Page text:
Korean "you are here"
Why do I blog this? the "you are here" sign is a common wayfinding element that is always interesting to observe. Stating where people are can take many forms ranging from ubiquitous red dots (w/o captions) to interactive LED and the context can also influence the signage.
Cognitive sciences deal with this issue and state different criteria to evaluate what they call "YAH" (you are here maps). See for instance You-Are-Here Maps in Emergencies – The Danger of Getting Lost by Klippel, Freksa and Winter which summarize the literature about this:
- "Local placement: One important aspect of the local placement of YAH maps is the use of asymmetries to facilitate locating the map within the environment. An asymmetrical part of an environment is easily identified on the map as its layout combined with the YAH symbol (see below) shown on the map provides many cues for its location. Therefore, the location of the map in the environment becomes non-ambiguous.
- Correspondence: YAH maps should allow for easily establishing a correspondence between the represented information and the information that is immediately erceptible. While locating oneself should be guided by a YAH symbol (see below), several aspects contribute to whether or not the orientation within an environment can be accomplished easily:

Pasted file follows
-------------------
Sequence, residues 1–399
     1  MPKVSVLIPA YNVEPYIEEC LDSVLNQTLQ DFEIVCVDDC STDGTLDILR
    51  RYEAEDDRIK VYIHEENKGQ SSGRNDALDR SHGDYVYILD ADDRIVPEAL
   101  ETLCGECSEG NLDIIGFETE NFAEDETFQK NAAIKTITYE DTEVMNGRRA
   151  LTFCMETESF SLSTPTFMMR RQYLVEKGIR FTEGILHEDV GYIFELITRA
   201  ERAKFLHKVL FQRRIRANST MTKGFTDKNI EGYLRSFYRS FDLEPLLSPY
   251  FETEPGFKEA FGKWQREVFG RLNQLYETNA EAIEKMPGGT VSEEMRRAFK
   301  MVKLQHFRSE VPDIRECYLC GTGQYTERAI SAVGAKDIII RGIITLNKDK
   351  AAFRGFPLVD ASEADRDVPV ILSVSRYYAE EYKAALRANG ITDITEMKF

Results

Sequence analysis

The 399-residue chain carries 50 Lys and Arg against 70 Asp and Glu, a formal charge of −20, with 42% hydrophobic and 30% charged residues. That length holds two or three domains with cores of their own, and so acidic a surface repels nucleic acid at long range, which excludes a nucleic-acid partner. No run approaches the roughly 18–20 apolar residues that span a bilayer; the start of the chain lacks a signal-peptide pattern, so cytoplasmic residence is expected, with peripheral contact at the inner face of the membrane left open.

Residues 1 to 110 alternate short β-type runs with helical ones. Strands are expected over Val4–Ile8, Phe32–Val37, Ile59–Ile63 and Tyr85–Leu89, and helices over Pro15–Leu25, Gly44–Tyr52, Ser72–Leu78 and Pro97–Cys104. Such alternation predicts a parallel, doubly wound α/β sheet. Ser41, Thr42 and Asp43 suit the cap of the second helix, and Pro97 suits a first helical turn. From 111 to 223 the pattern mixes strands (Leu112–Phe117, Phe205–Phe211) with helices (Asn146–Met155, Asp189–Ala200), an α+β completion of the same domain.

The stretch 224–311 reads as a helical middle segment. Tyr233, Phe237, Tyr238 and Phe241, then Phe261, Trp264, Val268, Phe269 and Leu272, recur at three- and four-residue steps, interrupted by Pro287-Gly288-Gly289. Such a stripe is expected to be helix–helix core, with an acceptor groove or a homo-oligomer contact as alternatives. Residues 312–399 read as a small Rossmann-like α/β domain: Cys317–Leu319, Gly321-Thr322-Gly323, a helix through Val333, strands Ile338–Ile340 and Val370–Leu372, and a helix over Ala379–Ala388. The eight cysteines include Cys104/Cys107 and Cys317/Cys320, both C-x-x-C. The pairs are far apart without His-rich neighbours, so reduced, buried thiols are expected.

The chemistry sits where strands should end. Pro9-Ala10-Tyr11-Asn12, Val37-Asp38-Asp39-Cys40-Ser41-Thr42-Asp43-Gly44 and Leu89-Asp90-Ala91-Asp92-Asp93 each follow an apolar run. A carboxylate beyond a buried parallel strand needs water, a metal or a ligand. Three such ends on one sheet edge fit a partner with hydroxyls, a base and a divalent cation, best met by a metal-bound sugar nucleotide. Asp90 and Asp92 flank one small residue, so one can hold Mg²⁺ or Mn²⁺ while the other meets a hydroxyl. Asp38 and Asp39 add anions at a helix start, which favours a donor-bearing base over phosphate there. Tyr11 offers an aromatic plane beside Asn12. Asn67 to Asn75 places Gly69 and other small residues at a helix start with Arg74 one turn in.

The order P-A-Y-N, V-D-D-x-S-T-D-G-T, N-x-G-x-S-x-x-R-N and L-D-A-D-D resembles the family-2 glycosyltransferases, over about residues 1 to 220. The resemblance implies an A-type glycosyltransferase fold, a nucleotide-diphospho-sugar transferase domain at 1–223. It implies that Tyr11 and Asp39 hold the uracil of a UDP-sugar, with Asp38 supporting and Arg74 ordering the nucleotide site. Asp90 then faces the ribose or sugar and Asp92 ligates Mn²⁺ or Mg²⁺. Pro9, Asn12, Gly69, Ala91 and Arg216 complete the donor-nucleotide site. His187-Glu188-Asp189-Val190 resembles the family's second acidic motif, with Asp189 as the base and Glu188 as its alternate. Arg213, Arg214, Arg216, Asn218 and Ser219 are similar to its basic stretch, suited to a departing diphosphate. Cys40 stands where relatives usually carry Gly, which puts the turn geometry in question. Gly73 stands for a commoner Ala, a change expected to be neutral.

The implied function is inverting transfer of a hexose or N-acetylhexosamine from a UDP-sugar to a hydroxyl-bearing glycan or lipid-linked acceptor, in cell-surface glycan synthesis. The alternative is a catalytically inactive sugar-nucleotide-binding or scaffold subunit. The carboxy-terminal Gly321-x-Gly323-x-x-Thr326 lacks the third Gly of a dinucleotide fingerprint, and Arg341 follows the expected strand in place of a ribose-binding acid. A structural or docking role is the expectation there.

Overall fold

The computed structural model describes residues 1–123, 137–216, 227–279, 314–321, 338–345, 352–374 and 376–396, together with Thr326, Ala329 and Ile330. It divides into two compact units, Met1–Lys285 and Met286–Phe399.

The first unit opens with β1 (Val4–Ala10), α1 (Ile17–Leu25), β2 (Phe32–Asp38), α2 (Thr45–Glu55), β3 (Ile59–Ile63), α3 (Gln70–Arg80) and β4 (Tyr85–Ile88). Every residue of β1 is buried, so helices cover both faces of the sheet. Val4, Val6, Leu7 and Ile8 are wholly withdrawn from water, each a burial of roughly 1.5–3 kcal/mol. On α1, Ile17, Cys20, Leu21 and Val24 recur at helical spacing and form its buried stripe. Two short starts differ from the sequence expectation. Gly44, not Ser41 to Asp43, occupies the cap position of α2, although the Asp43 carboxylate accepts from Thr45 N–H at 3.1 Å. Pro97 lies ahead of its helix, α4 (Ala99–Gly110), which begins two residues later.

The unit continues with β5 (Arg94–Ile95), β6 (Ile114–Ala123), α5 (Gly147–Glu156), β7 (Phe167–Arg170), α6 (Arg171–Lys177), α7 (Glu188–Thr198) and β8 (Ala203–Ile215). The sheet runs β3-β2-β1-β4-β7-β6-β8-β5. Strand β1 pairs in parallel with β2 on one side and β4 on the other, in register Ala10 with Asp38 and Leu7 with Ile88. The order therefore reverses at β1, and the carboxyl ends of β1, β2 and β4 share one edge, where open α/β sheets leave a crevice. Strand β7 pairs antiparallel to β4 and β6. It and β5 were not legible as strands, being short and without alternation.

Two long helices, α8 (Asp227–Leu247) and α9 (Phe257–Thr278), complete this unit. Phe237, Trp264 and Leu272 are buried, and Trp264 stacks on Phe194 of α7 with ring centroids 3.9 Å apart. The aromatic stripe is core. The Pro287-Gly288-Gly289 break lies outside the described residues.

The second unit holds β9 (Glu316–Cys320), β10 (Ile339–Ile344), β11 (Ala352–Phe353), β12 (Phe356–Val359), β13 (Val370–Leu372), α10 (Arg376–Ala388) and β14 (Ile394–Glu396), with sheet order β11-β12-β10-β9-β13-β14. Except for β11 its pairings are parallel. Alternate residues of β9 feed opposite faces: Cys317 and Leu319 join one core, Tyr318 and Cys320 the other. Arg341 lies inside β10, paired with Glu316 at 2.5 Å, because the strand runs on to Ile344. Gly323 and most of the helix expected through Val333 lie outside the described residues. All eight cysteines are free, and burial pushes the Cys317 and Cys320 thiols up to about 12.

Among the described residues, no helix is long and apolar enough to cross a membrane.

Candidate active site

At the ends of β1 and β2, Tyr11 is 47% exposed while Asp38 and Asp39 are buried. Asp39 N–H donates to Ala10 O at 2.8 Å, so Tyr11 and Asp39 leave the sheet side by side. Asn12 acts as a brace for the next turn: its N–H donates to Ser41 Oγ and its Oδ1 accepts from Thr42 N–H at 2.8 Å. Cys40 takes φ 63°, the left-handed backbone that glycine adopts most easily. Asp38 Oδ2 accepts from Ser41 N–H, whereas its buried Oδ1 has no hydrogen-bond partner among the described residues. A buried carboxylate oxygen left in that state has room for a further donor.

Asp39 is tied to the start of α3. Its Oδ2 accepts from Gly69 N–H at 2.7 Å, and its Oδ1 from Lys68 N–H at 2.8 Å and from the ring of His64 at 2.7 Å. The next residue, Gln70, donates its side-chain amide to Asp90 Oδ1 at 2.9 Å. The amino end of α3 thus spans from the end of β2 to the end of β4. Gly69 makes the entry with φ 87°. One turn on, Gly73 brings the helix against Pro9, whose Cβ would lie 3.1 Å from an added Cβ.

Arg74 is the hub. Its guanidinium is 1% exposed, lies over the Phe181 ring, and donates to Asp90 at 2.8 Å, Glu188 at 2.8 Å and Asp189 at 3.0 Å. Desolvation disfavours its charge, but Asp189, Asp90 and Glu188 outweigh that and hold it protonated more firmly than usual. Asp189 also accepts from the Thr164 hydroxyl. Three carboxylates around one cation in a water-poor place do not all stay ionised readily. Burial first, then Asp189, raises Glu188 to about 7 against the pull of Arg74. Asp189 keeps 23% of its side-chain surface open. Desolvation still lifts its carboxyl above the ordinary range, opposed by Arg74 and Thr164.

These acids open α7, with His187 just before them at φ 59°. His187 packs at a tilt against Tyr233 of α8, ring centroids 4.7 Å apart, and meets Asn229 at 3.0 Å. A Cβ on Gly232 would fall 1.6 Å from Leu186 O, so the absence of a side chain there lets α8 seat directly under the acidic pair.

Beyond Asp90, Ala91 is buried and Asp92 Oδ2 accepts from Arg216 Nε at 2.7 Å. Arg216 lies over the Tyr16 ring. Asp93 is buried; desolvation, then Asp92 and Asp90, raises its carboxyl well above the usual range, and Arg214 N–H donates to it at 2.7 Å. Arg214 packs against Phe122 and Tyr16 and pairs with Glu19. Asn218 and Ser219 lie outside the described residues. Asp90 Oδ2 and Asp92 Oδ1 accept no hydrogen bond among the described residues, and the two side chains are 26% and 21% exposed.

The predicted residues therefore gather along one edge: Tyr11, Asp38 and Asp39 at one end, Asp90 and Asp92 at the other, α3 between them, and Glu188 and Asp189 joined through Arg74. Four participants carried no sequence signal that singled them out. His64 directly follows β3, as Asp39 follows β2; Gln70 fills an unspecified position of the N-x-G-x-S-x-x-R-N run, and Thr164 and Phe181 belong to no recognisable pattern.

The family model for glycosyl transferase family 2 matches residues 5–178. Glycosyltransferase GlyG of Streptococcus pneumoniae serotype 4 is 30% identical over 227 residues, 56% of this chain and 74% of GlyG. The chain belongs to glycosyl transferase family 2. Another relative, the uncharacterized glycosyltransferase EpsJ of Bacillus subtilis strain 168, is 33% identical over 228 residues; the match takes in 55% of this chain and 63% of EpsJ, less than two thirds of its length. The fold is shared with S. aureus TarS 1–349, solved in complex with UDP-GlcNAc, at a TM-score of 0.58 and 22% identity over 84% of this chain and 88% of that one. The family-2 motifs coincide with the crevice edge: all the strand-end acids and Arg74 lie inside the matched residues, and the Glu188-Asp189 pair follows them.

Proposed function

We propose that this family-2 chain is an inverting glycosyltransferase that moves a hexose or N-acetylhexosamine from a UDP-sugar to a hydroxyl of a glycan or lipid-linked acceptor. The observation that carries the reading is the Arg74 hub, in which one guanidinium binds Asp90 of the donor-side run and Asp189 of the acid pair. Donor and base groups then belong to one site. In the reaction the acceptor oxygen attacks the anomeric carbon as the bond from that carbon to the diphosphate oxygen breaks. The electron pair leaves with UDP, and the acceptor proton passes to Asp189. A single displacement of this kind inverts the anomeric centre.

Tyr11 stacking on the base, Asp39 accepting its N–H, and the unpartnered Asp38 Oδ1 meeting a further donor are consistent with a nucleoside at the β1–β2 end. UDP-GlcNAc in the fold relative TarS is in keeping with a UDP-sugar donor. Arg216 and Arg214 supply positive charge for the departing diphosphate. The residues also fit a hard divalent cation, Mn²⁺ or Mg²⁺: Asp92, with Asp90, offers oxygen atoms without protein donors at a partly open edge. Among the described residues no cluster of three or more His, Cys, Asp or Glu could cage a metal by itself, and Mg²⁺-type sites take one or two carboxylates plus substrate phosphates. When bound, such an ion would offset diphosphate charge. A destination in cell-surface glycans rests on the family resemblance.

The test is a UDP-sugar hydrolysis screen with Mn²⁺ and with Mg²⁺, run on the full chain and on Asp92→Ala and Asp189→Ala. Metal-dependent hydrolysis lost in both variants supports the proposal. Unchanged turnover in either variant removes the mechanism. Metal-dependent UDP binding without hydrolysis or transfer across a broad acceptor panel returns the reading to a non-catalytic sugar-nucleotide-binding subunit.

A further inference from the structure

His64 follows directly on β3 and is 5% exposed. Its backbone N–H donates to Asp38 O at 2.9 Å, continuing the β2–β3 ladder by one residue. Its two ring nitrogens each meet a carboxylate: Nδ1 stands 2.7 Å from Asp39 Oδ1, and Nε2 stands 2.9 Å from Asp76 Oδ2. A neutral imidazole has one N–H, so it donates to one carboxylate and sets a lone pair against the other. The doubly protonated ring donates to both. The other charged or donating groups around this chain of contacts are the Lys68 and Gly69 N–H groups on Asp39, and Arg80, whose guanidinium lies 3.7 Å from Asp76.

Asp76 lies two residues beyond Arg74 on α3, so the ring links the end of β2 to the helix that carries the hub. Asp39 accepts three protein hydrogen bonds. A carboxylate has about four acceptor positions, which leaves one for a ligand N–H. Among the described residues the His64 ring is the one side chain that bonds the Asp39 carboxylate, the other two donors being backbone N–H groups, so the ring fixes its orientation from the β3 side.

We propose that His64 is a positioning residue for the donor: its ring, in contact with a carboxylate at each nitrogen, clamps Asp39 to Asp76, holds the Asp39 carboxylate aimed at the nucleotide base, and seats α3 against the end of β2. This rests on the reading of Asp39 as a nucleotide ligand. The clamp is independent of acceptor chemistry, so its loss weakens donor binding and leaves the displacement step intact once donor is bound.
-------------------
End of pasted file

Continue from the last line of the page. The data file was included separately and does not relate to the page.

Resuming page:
- Alignment: The YAH map and the environment should be aligned.
- Architectural cues: YAH maps should be designed such that architectural cues and natural landmarks are included and that the shape of the route drawn in the YAH map relates to the actual shape of the route the user has to take in the environment, i.e. the behavioural pattern depicted corresponds to the behavioural pattern to be carried out
- YAH symbol: The YAH symbol fulfils two tasks: First, it locates the user within an environment; second, it should indicate the user's orientation with respect to her immediate surroundings (...) The double function can be achieved by combining a dot with an arrow or by a triangular shaped symbol designs.
- Alignment of text in the map: The text in a map should be generally readable without requiring to turn one's head.
- Repetition: Combining the principles mentioned above may allow for easier self-localization, orientation and determination of the route to the destination."